…when we first bought Belleau Cottage we didn’t really know how our lives would change but over the past 10 years the cottage has gone from occasional weekend retreat to permanent dwelling and back again as work down in London threw us a curveball or two… we’re currently spending less time at the cottage with work going so well and whilst I really can’t complain I have to say I do miss the cottage, particularly heading towards Christmas. You see whilst the summer is gorgeous with those long lazy days walking by the river, in winter the landscape takes on its own majesty and waking up on a frosty winter morning with the fields covered in a frozen blanket of ice and the sun gleaming down creating prisms of technicolour over the view is simply breathtaking. The knowledge that we’ll be toasty and warm with the fire raging in the living room warms the soul as well as cold hands.
…one of the teeny drawbacks of the cottage is the fact that we never had oil-central-heating installed. We simply thought we’d never need it as we wouldn’t be here enough. This means that the only source of heat comes from the wood-burning stove. We do have radiators throughout the cottage and once the fire is roaring there is a clever pump that shoots the hot water around to all the rooms but if you want to be warm at Belleau Cottage you have to start a fire. This means many things but one thing in particular is that we are obsessed with wood. Wood we buy, wood we ‘forage’ and wood we already own that can be broken up to burn… you will often find us out on walks or rides in the car coveting large logs and wondering how we can get them back to the cottage without rising suspicion…
spinach, watercress, celery and pea pottage
this last weekend we had a particularly miserable cold snap and The Viking was determined to go ‘logging’ which meant hours of cold, wet and frozen hands, ears and noses… I love the hard work because it means we’ll have warmth but there is nothing sweeter than getting in from the cold and eating a warm bowl of something glorious. The Viking was grumbling about needing soup and using up veg in the fridge so I whipped this up… 30 minutes from nothing to bowl is pretty good going if you ask me…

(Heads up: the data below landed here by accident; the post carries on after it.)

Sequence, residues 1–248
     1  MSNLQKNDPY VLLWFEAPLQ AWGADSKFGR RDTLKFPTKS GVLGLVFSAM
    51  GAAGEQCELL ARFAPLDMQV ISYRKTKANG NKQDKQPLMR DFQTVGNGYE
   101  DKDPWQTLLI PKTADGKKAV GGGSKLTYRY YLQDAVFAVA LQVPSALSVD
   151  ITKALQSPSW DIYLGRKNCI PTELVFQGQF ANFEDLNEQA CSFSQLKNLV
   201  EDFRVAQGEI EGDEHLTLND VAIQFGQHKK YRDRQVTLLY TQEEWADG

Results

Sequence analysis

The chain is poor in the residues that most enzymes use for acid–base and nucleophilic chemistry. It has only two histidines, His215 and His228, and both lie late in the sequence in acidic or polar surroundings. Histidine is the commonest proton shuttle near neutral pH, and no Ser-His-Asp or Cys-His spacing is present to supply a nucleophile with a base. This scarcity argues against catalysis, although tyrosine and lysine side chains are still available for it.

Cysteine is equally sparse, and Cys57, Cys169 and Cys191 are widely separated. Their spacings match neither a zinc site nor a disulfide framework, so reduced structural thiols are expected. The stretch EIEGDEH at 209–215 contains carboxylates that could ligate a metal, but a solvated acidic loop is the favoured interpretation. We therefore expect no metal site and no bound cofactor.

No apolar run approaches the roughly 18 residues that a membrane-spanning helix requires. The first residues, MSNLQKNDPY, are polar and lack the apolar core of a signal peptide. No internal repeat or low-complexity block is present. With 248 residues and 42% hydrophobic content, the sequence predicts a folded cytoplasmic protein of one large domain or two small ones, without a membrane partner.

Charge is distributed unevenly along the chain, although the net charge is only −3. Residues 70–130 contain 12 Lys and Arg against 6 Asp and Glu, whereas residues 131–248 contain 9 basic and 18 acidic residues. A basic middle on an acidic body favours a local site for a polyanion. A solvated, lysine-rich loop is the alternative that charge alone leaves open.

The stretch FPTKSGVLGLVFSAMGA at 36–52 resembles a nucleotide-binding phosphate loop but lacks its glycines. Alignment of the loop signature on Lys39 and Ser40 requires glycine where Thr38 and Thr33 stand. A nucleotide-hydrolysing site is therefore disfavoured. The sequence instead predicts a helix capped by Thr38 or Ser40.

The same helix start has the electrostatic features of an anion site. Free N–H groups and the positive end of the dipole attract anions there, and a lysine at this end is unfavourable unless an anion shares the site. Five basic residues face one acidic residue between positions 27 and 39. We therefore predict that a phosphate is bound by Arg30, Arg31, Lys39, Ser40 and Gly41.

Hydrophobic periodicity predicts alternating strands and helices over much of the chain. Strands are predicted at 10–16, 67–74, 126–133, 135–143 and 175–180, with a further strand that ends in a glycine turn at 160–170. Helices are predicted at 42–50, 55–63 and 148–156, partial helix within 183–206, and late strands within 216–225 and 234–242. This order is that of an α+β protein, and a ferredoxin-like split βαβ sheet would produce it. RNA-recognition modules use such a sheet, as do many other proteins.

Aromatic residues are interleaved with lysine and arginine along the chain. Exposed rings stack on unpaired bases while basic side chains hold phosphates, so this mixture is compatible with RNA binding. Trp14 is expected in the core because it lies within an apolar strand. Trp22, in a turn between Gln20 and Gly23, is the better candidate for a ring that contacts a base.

…fortuitously I was sent some incredible Fenland Celery this week. Fenland celery has become the first English vegetable to earn Protected Geographical Indication (PGI) status from the European Commission, joining an exclusive club of quality British food products. To receive PGI status, an entire product must be traditionally and at least partially produced within a specific region to acquire qualities unique to the outputs of that region. In this instance, Fenland Celery gets its unique taste and texture from both the traditional production methods and the deep peaty Fenland soil it is grown in.
The celery really made this soup special and whilst I would have normally blended the finished ingredients I wanted to taste the quality of the individual ingredients it was actually quite lovely having something a little more substantial to eat… it felt like a proper meal and we were both suitably full and comforted after this…
1 small onion – finely chopped
2 sticks of celery – finely chopped
2 small potatoes – diced
1/2 teaspoon fennel seeds
1 bag of baby spinach
1 bag of watercress
150g frozen garden peas